Setting Expectations for Development Valuation

Posted December 17, 2014 by Dan Moore in Startups

Last week I introduced Vaporware's process for valuing products we work on, a four step process to determining how much we charge for a product. You already know the outcome, that we charge a weekly rate depending on the effort for a project. But let's get into the details. The first step to valuing development is setting expectations.

It may seem strange, but our relationship with our clients starts way before we meet. It starts before both parties even know that the other exists. Everyone has preconceived expectations of how relationships work, and consulting is no different.

Your first business relationship may have been a lemonade sale on your block corner, no matter if you were the one with the idea, the one that made the sign, the seller, or the one who stirred the juice. And that’s just the start! You've had years of experiences since then — and the expectations have been set, reset, and adjusted ever since.

A consulting agreement is just one approach to a flexible business relationship. One with strong expectations, inherent risks, ongoing communication, and incredible potential. Without proper joint effort to communicate and set expectations, the relationship will fail.

In vaporware’s technical line of work, we see several recurring themes of how these expectations start. From the casual coffee discussion of a cool idea to an official Request for Proposal document, there is no set answer on how to start a consulting relationship. That said, we think we’re a pretty stellar team and take pride in optimizing this process and so far, we've been incredibly successful.

Technologies, markets, and societies are constantly changing, and we constantly change with it. We can pretend to be experts of these things, and don’t get me wrong, we are very good and efficient at select pieces, but we’re even better at adapting. Instead of focusing on a long-term plan of what we’re going to do, we focus on how we’re going to do it. We start with determining how we are going to set expectations with our clients from the beginning:

  1. In a way, our proposal contains very little of the actual tasks that are going to be performed. Instead, we listen to our clients expectations, and share our own.
  2. There are tasks that we perform efficiently and tasks that take us a long time. We’re confident in what we do well and where we’ve had experience. If we can’t do it well and quickly, or we don't know, we let you know and help you find a solution (or team) that can do it better.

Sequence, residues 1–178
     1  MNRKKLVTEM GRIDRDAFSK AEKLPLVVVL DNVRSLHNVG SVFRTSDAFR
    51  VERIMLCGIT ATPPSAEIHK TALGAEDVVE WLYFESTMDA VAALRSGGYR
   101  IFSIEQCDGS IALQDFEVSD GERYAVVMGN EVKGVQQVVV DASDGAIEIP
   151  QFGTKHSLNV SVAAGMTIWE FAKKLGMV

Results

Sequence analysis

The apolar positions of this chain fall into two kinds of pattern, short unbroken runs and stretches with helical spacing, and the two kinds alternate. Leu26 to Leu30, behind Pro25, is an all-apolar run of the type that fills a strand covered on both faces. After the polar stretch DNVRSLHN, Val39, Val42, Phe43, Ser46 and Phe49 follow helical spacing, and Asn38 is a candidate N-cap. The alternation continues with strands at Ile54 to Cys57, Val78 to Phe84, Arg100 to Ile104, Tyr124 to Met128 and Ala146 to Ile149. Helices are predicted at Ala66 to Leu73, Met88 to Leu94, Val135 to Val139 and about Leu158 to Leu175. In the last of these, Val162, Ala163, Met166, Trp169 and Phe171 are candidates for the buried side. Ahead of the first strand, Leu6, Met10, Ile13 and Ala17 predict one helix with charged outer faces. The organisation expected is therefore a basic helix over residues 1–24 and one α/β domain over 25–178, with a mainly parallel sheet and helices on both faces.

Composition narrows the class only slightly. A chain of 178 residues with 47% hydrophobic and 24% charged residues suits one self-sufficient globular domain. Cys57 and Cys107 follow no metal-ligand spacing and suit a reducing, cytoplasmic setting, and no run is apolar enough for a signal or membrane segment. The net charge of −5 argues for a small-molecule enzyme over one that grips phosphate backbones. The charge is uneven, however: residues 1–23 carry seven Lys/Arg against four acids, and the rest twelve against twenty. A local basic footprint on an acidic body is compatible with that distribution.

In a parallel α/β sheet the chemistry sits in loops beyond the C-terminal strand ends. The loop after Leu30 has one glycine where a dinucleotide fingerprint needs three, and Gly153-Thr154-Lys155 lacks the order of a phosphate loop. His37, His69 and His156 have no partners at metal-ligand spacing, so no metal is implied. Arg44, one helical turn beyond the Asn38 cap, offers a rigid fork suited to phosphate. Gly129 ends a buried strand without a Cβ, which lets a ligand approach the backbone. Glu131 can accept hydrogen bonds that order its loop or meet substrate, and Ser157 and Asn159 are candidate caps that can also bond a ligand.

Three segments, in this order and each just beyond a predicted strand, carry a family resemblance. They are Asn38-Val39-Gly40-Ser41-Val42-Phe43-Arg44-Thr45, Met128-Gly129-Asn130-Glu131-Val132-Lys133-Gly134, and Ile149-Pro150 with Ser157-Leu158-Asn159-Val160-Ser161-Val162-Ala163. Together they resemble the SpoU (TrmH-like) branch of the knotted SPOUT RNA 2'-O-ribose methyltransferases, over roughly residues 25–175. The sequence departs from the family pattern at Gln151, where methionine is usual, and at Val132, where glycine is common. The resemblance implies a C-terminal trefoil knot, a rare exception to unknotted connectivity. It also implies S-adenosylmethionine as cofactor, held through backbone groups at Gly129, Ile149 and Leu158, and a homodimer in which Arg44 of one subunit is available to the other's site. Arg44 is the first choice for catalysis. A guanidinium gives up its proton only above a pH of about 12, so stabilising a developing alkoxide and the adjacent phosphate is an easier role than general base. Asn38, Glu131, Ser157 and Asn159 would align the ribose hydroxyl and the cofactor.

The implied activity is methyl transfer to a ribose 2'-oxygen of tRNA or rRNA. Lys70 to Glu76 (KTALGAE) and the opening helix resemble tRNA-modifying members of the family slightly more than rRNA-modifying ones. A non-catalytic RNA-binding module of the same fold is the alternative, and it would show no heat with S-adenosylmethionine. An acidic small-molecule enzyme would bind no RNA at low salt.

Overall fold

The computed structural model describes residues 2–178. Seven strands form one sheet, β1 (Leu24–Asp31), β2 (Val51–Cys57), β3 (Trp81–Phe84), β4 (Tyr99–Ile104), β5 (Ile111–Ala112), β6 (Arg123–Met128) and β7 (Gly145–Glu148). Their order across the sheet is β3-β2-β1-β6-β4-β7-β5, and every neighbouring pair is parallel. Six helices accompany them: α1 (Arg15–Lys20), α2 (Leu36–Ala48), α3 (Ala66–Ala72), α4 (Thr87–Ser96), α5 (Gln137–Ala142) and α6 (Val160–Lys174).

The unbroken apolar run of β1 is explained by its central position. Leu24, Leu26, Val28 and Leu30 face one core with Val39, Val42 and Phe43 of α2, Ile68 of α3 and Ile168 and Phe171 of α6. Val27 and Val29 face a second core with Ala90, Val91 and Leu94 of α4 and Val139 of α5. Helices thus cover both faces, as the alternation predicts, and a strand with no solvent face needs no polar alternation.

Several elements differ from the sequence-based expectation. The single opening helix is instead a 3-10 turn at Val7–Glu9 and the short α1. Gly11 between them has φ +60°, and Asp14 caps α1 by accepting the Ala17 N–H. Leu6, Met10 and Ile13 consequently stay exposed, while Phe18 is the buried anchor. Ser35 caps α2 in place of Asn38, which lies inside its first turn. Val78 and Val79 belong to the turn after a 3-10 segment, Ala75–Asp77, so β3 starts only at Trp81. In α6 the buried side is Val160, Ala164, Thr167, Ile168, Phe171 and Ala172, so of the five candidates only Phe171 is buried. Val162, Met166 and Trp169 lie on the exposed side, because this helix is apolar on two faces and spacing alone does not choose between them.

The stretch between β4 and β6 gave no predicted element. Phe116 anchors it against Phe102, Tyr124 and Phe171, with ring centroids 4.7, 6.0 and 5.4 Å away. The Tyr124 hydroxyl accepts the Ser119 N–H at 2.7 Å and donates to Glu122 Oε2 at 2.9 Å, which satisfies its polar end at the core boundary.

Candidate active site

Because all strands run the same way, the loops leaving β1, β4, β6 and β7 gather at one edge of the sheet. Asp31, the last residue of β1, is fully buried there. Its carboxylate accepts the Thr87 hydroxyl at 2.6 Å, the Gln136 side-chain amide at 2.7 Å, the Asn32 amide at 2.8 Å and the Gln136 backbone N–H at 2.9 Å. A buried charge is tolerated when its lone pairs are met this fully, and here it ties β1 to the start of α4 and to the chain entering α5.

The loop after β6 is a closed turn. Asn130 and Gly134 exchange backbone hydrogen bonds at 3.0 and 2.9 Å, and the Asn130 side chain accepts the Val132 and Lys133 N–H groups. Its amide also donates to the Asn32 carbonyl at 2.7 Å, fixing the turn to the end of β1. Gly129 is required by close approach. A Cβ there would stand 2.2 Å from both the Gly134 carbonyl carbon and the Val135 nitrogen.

3. We always adapt to changes. There’s no such thing as scope creep. If things need reevaluation, we do it without hesitation.
  4. We ensure that we are clear about what we are working on...Advising, analyzing, architecting, branding, communicating, debating, documenting, designing, developing, evaluating, marketing, measuring, meeting, planning, prioritizing, testing, and thinking are all part of what we do.
  5. When we make mistakes, we own up to them. More importantly, we make sure to learn from our failures and fail faster next time.
  6. We question everything we do. Is this the right time to add this feature? Will our client see a return on this investment? Who will be happy with this change?
  7. We over communicate. Everyone can see the smallest of details of the entire picture at any time.
  8. We focus. One thing at a time per person. Done? Next.
  9. We back up our decisions with data. While experience and assumptions can take you far, it's always measurable.

Ideally, with this early pre-relationship communication and continued communication, we are setting the stage to build a long-term, trusting, and respectful relationship. Without expectations and joint understanding, it simply won’t work.

But what does this have to do with payment and valuation? Hopefully you noticed a few key themes to our expectations. For example, scope creep does not exist in our world. It's an outdated concept that means that the goals and payment have become misaligned. You'll also notice that we question everything we do, all leading back to the fundamental question of "is there a return to this investment". No matter the investment, no matter the business model, no matter the payment model -- we make sure that we can provide a return on our client's investment.

To that end, these expectations are the first core step of our dynamic pricing model. When work and payment are aligned, work gets done efficiently and effectively. Therefore, we ensure to set expectations correctly from our first interaction with our clients.

Now that the expectations are set, there's still a long way to go. Check back next week to read how we demystify, balance, and offset the risks in the industry and dynamic payment valuation.

Postscript: These expectations do not setup the perfect process for every project, we don't recommend going to the moon on the lean model, but they work incredibly well in custom web application development.


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